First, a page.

By Herron Todd White
Perth’s weather is just now starting to turn and with winter creeping up on us, the next quarter should also bring a chill to the property market (though we wouldn’t say that it has been particularly hot recently anyway). During the March 2019 quarter, there were 6,636 properties sold in Perth, 1.1 per cent higher than the quarter previous – an improvement but a nonetheless shallow figure, on par with March 2018 sales volumes. On a positive note, Perth’s overall median house price increased 0.6 per cent to $500,000 in the March 2019 quarter. Perth’s unit median also held stable at $380,000 showing that we most definitely are bouncing along the bottom. However, with Perth’s current two-speed property cycle, oversupplied developing suburbs will likely see value decreases for some time.
Weak market conditions, particularly in Perth’s urban fringe, following the post-resource construction boom have perpetuated stock levels. UDIA’s State of the Land 2019 report demonstrates Western Australia’s current position.
At the current rate of sale, it would take 10.4 months to absorb Perth’s remaining stock. This is more than twice the current national average and nearly 3.5 times the ideal time of three months. This figure is a good starting point when analysing why Perth’s prices have been declining over the past few years. Sharp decreases in population coupled with strong construction activity and greenfield development created a divide in the number of residents available to fill these vacancies.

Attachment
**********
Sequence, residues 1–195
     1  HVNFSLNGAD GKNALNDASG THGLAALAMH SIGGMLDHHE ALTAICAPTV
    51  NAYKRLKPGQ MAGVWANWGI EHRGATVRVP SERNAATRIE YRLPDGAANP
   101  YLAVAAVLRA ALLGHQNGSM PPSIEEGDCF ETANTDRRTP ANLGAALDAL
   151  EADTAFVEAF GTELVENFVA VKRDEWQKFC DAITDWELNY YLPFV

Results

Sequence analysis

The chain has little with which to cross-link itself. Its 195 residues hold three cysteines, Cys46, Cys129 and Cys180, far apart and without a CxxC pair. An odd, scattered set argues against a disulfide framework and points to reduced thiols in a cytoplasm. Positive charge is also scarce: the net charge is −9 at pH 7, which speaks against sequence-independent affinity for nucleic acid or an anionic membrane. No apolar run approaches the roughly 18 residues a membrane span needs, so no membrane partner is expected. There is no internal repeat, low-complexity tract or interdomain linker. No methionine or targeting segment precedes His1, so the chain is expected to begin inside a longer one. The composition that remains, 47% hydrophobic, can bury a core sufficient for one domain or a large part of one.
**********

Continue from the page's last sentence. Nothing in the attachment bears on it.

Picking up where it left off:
Western Australia’s economy seems to be caught between a rock and a hard place currently. The residential construction industry accounts for a significant portion of the gross state product, so the more properties being built, the better. However, our stock levels are so high and population growth so low that any further development, greenfield in
particular, will only result in greater depression of property prices for already struggling suburbs on Perth’s outskirts. This is one reason why Perth’s economy is so reliant on the mining industry. The more activity and spending in the resource sector, the more our population growth increases and therefore, the more construction activity there is.
Land values have been at an all-time low recently with purchasers being able to snap up vacant lots at as low as $99,000 in Two Rocks (156 square metres), $115,000 in Baldivis (265 square metres), $130,000 in Alkimos (180 square metres), $149,000 in Aveley (188 square metres) and $170,000 in Ellenbrook (326 square metres). There are a number of vacant lots across multiple suburbs that have been on the market for close to three years. Baldivis is seeing some of the longest selling periods Perth has seen and this has a devastating effect on values. The Baldivis lot mentioned above has been on the market for 1,014 days and is extremely affordable at $434 per square metre. This shows that entry into the Perth property market is more than attainable if you are willing to make the locational sacrifices. Unfortunately, urban sprawl has its limitations for attracting buyers.